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Exposure to low intensity ultrasound removes paclitaxel cytotoxicity in breast and ovarian cancer cells

Authors
  • Amaya, Celina1
  • Luo, Shihua1
  • Baigorri, Julio2
  • Baucells, Rogelio2
  • Smith, Elizabeth R.1
  • Xu, Xiang-Xi1
  • 1 University of Miami Miller School of Medicine,
  • 2 University of Miami,
Type
Published Article
Journal
BMC Cancer
Publisher
Springer (Biomed Central Ltd.)
Publication Date
Sep 01, 2021
Volume
21
Identifiers
DOI: 10.1186/s12885-021-08722-7
PMID: 34470602
PMCID: PMC8408969
Source
PubMed Central
Keywords
Disciplines
  • Research
License
Unknown

Abstract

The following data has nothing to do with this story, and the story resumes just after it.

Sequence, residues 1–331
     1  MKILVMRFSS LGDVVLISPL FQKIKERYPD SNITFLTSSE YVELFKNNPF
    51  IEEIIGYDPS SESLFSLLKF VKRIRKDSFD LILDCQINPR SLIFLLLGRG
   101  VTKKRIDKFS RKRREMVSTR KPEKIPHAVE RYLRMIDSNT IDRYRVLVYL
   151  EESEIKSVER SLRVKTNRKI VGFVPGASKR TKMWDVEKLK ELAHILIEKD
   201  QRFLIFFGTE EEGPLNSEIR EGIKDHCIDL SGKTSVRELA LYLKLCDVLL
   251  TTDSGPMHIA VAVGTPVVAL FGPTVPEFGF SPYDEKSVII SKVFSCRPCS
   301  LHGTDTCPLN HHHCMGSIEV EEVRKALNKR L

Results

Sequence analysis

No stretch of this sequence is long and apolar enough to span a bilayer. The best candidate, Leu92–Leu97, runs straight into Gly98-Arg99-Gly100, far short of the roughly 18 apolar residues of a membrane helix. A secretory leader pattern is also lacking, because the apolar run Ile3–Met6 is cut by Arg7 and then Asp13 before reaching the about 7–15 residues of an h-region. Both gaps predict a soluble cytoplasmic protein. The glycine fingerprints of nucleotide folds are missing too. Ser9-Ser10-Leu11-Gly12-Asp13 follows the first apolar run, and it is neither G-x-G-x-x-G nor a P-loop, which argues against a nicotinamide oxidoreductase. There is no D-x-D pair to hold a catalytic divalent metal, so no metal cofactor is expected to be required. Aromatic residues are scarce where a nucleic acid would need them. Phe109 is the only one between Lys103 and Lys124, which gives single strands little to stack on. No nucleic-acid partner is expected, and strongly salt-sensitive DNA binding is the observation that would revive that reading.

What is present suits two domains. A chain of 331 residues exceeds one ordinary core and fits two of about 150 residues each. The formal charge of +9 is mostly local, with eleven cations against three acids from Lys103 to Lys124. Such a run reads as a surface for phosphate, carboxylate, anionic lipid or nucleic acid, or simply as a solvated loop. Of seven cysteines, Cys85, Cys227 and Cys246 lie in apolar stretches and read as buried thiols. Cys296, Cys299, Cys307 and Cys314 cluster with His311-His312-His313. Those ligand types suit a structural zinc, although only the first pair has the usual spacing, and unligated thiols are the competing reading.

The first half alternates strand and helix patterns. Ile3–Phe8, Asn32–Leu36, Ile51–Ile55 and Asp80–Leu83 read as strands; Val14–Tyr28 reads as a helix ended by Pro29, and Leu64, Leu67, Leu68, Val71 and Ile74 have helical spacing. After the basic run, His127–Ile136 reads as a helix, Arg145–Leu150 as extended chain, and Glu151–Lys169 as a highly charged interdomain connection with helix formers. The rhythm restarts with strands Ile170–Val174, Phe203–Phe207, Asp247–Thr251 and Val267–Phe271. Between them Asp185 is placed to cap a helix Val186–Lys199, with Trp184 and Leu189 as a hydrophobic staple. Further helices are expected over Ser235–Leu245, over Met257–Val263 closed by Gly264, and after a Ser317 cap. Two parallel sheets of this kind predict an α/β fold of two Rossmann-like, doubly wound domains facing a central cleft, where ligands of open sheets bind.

Background Paclitaxel (Taxol) is a microtubule-stabilizing drug used to treat several solid tumors, including ovarian, breast, non-small cell lung, and pancreatic cancers. The current treatment of ovarian cancer is chemotherapy using paclitaxel in combination with carboplatin as a frontline agent, and paclitaxel is also used in salvage treatment as a second line drug with a dose intensive regimen following recurrence. More recently, a dose dense approach for paclitaxel has been used to treat metastatic breast cancer with success. Paclitaxel binds to beta tubulin with high affinity and stabilizes microtubule bundles. As a consequence of targeting microtubules, paclitaxel kills cancer cells through inhibition of mitosis, causing mitotic catastrophes, and by additional, not yet well defined non-mitotic mechanism(s). Results In exploring methods to modulate activity of paclitaxel in causing cancer cell death, we unexpectedly found that a brief exposure of paclitaxel-treated cells in culture to low intensity ultrasound waves prevented the paclitaxel-induced cytotoxicity and death of the cancer cells. The treatment with ultrasound shock waves was found to transiently disrupt the microtubule cytoskeleton and to eliminate paclitaxel-induced rigid microtubule bundles. When cellular microtubules were labelled with a fluorescent paclitaxel analog, exposure to ultrasound waves led to the disassembly of the labeled microtubules and localization of the signals to perinuclear compartments, which were determined to be lysosomes. Conclusions We suggest that ultrasound disrupts the paclitaxel-induced rigid microtubule cytoskeleton, generating paclitaxel bound fragments that undergo degradation. A new microtubule network forms from tubulins that are not bound by paclitaxel. Hence, ultrasound shock waves are able to abolish paclitaxel impact on microtubules. Thus, our results demonstrate that a brief exposure to low intensity ultrasound can reduce and/or eliminate cytotoxicity associated with paclitaxel treatment of cancer cells in cultures. Supplementary Information The online version contains supplementary material available at 10.1186/s12885-021-08722-7.

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